Piano Trio no.4 in E Minor, ('Dumky') —— Antonin Dvořák (1841 - 1904)
i. Lento Maestoso, ii. Poco Adagio, iii. Andante, iv. Andante Moderato, v. Allegro, vi. Lento Maestoso.
A 'dumky', according to Wikipedia, is a "Slavic (specifically Ukrainian) epic ballad … generally thoughtful or melancholic in character." It traditionally alternates cheerful with melancholic moods, and its importance in music is that it is not sonata-form. Dvořák wrote several dumky movements but in this work each of its 6 sections is a 'dumky'. The first 3 sections (in the related keys of E, C♯, A) run together forming a complex first movement; the last 3 sections are in the less related keys of D, E♭ and C respectively. In 1891, at the age of 50, Dvořák was already an international celebrity with his Stabat Mater, his violin concerto, 3 of his 4 trios, 5 of his 8 quartets, and 8 of his 9 symphonies behind him; but his three greatest and best loved works were still to come — the American quartet ('93), the New World symphony ('93), and the cello concerto ('94). He composed this piano trio in 1891 and, at its premier in Prague, he himself played the piano part. It was a great success and, before Dvořák left in 1892 to take up a 3-year appointment at the conservatory in New York, the trio was played all over his homeland in a 40 concert tour.
Piano Trio no.2 in E minor, Op.67 ——— Dmitri Shostakovich (1906 – 1975)
i. Andante, ii. Allegro con brio, iii. Largo, iv. Allegretto
The terrible, 3-year-long, siege of Leningrad began in early 1941 while Shostakovich was teaching at the conservatory there. He volunteered for action, but was rejected because of his short-sightedness. He contributed, however, by making speeches and composing. By Christmas '41, after all birds, rats and pets had been eaten, there were reports of cannibalism, and those who could do so escaped, including the Shostakovich family. In May '42 the score of his heroic 7th symphony was smuggled back into the city across German lines and on 9th August the symphony was played by the skeletal Radio orchestra of Leningrad (augmented by anyone who could play an instrument) and broadcast on loudspeakers throughout the city and out towards the German lines. That date marks the turning point of the siege which nevertheless lasted till January 1944. Shostakovich (aged 38) then started work on his 2nd piano trio which was premiered in Leningrad 10 months after the lifting of the siege. The first half of the Andante is rather desolate, on muted strings, but gathers energy, which is the 'keynote' of the 2nd movement. In the last movement plaintive Klezmer melodies alternate with anger (hypnotic and obsessively repetitive), till a degree of resolution is achieved in the last dozen bars. There is no doubt that Shostakovich's eventual response to the war was not heroic, but deeply negative. Jewish melodies (as in the last movement) are a recurrent theme in this as in much of Shostakovich's post war work but his pro-semitism was purely sympathetic; his close friend, the Jewish polymath Sollertinsky, to whose memory the work is dedicated, died February 1944.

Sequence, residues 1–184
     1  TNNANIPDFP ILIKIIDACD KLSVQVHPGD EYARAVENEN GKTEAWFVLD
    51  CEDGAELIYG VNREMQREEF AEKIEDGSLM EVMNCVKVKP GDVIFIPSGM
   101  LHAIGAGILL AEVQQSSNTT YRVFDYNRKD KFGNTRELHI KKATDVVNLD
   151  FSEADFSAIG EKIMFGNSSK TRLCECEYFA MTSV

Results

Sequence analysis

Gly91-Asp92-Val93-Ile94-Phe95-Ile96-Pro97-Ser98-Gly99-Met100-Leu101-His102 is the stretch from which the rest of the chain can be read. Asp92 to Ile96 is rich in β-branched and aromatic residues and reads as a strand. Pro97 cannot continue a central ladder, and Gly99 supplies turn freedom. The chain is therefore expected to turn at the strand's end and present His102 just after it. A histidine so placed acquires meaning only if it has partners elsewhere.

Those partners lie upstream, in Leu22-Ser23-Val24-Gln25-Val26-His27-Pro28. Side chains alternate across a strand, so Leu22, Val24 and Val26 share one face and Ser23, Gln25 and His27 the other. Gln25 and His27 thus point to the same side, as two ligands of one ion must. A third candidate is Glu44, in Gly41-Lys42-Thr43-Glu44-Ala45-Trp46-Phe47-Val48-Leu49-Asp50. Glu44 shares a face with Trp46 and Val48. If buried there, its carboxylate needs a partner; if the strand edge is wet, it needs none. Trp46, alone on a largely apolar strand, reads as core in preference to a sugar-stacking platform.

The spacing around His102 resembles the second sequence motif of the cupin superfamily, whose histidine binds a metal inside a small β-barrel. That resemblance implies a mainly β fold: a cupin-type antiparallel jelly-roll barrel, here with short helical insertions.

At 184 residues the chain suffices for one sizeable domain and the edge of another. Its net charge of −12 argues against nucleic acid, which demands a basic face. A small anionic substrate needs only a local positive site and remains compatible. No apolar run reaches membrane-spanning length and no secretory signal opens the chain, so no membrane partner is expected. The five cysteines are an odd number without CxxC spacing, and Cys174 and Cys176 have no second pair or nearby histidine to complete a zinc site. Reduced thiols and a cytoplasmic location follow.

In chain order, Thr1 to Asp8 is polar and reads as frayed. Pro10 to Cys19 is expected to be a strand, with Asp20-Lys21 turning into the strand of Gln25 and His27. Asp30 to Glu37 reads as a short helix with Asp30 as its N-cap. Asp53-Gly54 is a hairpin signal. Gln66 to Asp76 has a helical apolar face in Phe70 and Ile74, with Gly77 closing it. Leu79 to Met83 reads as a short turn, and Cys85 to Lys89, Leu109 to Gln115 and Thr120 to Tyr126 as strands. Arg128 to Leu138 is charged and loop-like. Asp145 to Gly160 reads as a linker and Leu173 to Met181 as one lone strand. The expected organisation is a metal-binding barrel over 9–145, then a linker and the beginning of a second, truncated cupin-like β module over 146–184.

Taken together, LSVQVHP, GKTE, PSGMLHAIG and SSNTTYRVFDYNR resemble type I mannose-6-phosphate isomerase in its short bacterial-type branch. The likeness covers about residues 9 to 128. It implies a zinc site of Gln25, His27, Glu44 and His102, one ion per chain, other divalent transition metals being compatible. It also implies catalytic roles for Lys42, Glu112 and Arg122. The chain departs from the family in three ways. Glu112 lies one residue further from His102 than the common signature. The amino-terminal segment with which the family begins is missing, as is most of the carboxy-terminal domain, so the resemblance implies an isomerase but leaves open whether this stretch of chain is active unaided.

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Piano Trio no.1 in B flat major D898 ——— Schubert (1770 - 1827)
i. Allegro moderato, ii. Andante un poco mosso, iii. Scherzo (allegro), iv. Rondo (allegro vivace)
It has been said "No chamber work by Schubert is more popular than the B flat major Trio". Commenced in 1827, completed in 1828, the last year of Schubert's life, it nevertheless carries no traces of the anguish that appears in "Der Winterreise" and the string quintet. Schubert always had devoted admirers but little public fame. However, in 1827 he was brought to Beethoven's deathbed and (if the story is correct) received praise. In that year also he began to be approached by publishers, and was finally acknowledged by the Musikverein of Vienna.
The first movement has several captivating themes which rotate. As the movement unfolds you think you have heard this tune before; and you have of course, but in a subtly different key. The only sombre touch is towards the end where there is a bar of complete silence; the effect is astonishing, as though a gap in the continuum of time momentarily opens, to reveal…... The Andante is a perfect example of Schubert's counterpoint — three voices each saying entirely different things yet completely agreeing, and never obscuring each other. The scherzo is rhythmic rather than tuneful, but has a softer and more melodic trio section. The finale is a rondo, with tune after tune chasing each other as in the first movement, though rhythmically it is more like the scherzo. The tremolo sections are spooky but not sinister. The Schubertian key-changes are again a little spooky as you shoot suddenly off into a parallel universe. Throughout the trio the piano balances the strings perfectly; in the first movement mostly giving us three voices, but in the Rondo more often two voices with the strings doubling each other in octaves like the piano.